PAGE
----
An Afghan woman, who nearly got lynched after walking through the streets of Kabul wearing metal armour in a bid to denounce sexual harassment, is now in hiding.

In a staged performance, Kubra Khademi walked through Kabul's most populated neighbourhood, Kote Sangi, where she said women are frequently harassed.

After her performance, angry men showed up at her door. Since then, the young artist has been forced into hiding at friends' homes in the suburbs of Kabul.

Men throwing rocks

Taken by a Turkish journalist, Mete Sohtaoğlu, photos showing Khademi walking in her suit surrounded by dozens of men went viral on social media websites.

"Before I started, I prayed that I wouldn't get chased down and killed by a hostile crowd. Unfortunately, my fears were well-founded – after a few minutes during which men in the street just seemed stunned, they started following me and insulting me. Some even started throwing rocks," Khademi said.

While Afghanistan is infamous for violence against women, which includes honour killings, sexual harassment, forced marriage and domestic abuse, Khademi told France 24 how she had decided to stage a protest, after having had to put up with men touching her and insulting her in the streets of Kabul since she was a little girl.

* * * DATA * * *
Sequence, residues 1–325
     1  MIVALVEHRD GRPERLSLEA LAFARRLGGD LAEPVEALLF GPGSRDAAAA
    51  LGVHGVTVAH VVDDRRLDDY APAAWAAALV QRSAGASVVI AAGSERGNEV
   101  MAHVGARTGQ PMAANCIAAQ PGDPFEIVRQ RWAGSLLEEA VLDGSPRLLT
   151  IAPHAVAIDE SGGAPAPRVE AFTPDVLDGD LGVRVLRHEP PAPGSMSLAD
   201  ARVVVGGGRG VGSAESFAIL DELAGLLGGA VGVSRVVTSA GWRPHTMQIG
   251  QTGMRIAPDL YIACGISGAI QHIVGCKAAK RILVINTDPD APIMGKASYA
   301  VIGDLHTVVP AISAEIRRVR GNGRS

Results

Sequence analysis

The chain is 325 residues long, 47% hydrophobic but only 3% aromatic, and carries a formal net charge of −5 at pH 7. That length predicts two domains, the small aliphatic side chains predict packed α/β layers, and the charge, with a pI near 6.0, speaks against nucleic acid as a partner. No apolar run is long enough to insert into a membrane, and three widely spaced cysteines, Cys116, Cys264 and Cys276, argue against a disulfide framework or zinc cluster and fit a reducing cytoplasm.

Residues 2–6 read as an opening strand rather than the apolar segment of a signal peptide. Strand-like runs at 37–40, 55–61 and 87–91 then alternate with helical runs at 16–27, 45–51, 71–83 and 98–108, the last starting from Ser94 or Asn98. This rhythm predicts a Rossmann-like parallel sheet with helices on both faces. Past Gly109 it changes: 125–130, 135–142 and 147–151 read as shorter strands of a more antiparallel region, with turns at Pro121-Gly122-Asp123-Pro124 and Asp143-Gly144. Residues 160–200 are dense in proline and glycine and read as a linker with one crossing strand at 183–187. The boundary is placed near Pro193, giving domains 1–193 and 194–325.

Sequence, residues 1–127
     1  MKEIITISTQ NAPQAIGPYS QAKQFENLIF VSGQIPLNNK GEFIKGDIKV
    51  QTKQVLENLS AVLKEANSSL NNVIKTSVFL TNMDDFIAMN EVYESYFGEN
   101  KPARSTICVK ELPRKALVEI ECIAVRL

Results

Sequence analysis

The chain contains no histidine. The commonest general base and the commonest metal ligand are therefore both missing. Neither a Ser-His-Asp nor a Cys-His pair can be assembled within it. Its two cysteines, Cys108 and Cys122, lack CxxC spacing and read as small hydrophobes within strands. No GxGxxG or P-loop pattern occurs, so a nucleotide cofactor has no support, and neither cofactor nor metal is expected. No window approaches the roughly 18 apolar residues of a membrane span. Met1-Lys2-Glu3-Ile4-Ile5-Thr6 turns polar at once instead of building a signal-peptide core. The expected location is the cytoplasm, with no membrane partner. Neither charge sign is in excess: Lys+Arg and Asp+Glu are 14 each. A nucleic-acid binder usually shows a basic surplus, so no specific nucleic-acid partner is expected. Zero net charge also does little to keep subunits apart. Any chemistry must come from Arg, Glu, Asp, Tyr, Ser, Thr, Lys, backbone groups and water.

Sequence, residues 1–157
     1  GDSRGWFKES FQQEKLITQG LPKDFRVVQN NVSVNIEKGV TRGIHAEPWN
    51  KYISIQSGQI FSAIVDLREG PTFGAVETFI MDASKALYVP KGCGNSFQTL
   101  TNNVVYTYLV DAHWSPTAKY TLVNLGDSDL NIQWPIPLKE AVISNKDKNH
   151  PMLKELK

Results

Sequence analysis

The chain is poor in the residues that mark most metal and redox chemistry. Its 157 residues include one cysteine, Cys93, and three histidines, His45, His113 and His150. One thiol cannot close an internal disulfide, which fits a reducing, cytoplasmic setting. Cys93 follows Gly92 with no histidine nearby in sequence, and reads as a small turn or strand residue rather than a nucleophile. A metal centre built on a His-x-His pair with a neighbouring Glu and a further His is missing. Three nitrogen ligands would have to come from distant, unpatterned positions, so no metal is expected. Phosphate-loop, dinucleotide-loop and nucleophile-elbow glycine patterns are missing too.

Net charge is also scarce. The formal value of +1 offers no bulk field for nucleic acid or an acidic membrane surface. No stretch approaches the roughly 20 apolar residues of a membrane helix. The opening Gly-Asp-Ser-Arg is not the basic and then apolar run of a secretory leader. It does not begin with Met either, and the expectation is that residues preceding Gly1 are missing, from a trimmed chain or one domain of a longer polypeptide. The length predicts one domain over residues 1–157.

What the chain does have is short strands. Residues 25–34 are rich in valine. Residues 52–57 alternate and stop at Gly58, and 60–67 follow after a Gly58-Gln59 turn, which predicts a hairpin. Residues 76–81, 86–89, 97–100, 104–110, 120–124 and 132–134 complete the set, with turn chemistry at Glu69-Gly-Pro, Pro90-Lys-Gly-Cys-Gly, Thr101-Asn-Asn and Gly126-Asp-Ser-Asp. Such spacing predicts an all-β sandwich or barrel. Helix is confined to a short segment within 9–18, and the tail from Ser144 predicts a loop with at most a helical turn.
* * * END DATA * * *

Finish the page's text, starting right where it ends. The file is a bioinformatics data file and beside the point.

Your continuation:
"And of course, as I grew up, it became worse. This happens to all women here," she said.

"The only people who tried to defend me were a few friends and journalists who had come to see my performance. Men started punching us, kicking us. Some of my female friends told me that they were sexually molested by men in the crowd."

While the young woman had initially planned on walking for 10 minutes, she had to run into a taxi after just eight minutes on the streets.

Young men continued to punch the car as the driver sped away.

Khademi said she believes the rise of extremism and violence has created a lot of frustration, "which leads to this type of deviant behaviour".

She added: "We live in a patriarchal society, where women are seen as second-class citizens. When we complain about sexual harassment, men often say that if a woman wears a proper veil, nobody will bother her. But this is obviously false, since even women who wear a burqa get harassed in the streets."

In October 2014, Human Rights Watch (HRW) urged President Ashraf Ghani's new government to take urgent steps to combat sexual harassment of women in education, employment and public life.

However, even when men are arrested for sexual harassment, they are often released since laws against harassment do not yet exist in Afghanistan.